BOURNE — The five-article special mandate and 18-point annual session demands all passed routinely and overwhelmingly on Monday night at the little-attended annual town hall meeting that included the reintroduction of electronic voting.
With Moderator Amy Kullar keeping parliamentary pace, the spending plan for fiscal year 2023 was approved at $73.4 million on a vote of 140 to 16. For the second year in a row, $338,000 was allocated to snow removal operations.
At the special town hall, voters supported taking $450,000 from the landfill’s retained earnings to fund a pilot leachate treatment system that disposal facility managers say could put the landfill on the national map.
Private roads repaired in Bourne
On a vote of 139 to 6, approval was given to Section 15, a request to amend local bylaws and allow the Public Works Department to carry out emergency repairs on private roads to ensure a safe public safety response.
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Director of Public Works Shawn Patterson assured voters that the $50,000 requested would cover pothole repairs on unaccepted streets, which make up more than half of Bourne’s roads.
Investment project in Bourne
Capital spending plans for next year total $4.5 million, with requests being funded through the city’s Free Cash Account. They include $404,329 to help fund the addition of a fuel depot at the public works complex near Scenic Highway, $252,676 for police cruisers, $46,500 for a new walkway/steps at the marina in Taylors Point and $200,000 to upgrade the school system’s technology plan.
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The loan will fund the $450,000 roof replacement at Bourne High School’s D wing, while proceeds from the landfill will fund an $880,000 Caterpillar road roller.
Community Preservation Act Fund in Bourne
Ten Community Preservation Act applications have been approved. They include the rehabilitation of housing authority housing in Waterhouse Road ($70,141), a feasibility study of the library building ($25,000), restoration and preservation of the town flag ($13,000) and the purchase/restoration of an 1857 city plan ($18,000) once appraised. .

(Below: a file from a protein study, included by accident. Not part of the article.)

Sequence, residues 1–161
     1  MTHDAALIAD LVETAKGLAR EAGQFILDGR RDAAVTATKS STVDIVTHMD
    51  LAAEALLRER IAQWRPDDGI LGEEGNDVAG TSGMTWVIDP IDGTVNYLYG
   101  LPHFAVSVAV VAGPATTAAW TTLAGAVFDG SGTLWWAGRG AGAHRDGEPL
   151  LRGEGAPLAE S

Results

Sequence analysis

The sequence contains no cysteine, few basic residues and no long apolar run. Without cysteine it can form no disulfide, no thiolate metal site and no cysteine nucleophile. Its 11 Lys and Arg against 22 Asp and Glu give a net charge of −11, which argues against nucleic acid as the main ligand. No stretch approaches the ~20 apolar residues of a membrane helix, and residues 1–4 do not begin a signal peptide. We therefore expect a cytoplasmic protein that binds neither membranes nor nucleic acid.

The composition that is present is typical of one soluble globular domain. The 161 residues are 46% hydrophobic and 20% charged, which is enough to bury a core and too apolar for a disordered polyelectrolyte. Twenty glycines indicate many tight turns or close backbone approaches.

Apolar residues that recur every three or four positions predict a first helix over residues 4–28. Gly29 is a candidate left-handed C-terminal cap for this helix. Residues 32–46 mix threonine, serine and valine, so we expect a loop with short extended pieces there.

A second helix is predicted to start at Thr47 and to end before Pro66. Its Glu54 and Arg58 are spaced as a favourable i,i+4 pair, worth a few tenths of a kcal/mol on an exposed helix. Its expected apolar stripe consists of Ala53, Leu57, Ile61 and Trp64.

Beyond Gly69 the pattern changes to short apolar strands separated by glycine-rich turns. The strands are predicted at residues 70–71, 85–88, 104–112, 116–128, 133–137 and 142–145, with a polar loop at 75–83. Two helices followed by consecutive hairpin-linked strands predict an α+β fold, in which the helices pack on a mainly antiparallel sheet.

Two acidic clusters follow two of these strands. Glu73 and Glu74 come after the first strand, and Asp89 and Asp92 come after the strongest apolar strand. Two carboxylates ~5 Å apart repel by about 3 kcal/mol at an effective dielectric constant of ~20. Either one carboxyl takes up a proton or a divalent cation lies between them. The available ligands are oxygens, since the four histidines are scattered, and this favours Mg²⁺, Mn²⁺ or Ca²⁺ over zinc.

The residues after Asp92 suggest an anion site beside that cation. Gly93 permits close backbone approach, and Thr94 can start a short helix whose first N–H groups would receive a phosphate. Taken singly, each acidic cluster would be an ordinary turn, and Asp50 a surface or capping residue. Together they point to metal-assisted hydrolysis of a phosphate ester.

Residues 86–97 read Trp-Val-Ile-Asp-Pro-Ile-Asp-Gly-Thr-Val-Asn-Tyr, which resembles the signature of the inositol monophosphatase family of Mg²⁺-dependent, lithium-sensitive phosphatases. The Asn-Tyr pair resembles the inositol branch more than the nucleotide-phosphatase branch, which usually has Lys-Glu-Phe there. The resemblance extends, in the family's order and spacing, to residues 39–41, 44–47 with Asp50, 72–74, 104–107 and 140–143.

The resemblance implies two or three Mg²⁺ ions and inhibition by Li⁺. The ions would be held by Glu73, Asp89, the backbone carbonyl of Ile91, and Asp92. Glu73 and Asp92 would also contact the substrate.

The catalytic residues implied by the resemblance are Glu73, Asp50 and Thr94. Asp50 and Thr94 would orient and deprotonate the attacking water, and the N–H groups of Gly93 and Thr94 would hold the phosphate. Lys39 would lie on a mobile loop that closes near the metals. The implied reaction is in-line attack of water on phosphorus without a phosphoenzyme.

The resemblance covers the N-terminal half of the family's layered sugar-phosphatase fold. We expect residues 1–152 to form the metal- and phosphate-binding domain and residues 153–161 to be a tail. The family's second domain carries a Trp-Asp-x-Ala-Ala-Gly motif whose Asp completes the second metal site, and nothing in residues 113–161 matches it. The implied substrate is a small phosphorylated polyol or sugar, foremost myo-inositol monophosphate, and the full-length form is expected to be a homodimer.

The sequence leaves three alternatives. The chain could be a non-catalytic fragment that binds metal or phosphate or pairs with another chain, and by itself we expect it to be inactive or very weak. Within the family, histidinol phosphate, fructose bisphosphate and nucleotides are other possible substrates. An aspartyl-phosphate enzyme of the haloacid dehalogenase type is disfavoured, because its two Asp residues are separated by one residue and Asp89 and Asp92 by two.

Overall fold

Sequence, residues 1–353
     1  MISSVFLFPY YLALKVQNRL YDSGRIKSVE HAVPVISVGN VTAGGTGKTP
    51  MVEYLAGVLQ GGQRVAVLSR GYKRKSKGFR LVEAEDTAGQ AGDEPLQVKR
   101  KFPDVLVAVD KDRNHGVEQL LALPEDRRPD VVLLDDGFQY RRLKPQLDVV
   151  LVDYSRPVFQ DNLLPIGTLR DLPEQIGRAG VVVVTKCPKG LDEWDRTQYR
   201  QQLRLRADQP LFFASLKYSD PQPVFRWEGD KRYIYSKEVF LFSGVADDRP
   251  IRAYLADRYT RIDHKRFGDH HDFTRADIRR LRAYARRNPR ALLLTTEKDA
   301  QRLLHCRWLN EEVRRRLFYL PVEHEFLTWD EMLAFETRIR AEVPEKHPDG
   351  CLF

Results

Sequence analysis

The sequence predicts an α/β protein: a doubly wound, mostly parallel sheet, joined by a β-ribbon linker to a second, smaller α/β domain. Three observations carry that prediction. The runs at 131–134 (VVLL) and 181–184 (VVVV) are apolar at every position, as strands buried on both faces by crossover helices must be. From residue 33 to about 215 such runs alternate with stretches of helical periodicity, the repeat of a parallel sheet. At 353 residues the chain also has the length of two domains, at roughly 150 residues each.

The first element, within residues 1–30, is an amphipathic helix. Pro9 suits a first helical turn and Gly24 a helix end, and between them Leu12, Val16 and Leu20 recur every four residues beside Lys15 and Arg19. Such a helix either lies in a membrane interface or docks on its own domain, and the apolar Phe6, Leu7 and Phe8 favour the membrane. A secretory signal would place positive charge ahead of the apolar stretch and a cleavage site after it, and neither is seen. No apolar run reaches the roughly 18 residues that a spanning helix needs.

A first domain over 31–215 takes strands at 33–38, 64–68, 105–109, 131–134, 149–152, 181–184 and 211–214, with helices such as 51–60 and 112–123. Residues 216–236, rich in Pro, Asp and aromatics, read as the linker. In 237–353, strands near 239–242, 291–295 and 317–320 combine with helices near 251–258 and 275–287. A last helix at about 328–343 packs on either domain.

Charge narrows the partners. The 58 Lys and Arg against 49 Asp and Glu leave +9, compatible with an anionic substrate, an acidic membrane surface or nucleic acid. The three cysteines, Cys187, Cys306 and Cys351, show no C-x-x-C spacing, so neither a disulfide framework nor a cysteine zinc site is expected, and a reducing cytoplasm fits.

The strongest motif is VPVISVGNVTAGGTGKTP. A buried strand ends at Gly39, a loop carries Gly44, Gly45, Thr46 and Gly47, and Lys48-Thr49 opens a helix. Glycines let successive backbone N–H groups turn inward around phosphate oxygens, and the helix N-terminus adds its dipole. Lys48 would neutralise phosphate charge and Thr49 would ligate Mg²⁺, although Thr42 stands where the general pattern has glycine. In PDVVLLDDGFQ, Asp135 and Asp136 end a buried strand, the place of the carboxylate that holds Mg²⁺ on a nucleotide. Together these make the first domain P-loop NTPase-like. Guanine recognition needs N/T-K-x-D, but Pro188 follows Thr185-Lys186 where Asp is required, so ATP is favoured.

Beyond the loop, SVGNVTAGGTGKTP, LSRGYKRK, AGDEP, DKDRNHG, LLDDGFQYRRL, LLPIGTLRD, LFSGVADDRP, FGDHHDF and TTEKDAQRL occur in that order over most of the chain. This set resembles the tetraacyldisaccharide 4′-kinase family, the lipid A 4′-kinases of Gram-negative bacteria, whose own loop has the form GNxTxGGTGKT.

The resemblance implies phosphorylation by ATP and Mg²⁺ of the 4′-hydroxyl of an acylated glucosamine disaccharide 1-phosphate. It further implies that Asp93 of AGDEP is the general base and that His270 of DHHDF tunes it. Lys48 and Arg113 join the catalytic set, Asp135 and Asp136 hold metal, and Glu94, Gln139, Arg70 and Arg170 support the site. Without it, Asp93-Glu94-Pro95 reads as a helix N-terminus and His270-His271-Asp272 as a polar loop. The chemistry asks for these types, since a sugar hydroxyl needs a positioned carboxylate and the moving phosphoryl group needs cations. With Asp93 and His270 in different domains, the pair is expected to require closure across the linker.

There has been a dusting of Preservation Act funding requests related to upgrades to tennis courts and disability access in “certain parks” not in the mandate as to individual costs per location. Former coach Steve Mealy disputed the omission, saying the details were “essential information for voters to make spending decisions”.
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CPA chairman Barry Johnson said the unexplained costs are just estimates at this stage which he did not have on hand and the projects have yet to be tendered . Of the overall request of $330,000, he said, $30,000 would fund a project manager.
Recreation committee member Alice Howe identified land in various locations, including Keith Field in North Sagamore and Cataumet School, but she too did not address costs.
Other spending decisions at Bourne town meeting
Voters also regularly approved $10.9 million for the landfill division and $1.3 million for the sewer service, both of which are accounted for in corporate fund accounting.
Voters authorized $100,000 for the stabilization fund, $20,000 for the social services grant program, $150,000 for a special education reserve fund, and $428,000 in cash available for the capital stabilization.
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Free money was also mined for $45,113 to complete improvements to Old Bridge Road in Buzzards Bay. A sum of $50,000 was also approved to resume official state environmental monitoring, remediation and reporting of suspected underground contamination at 229-239 Main Street.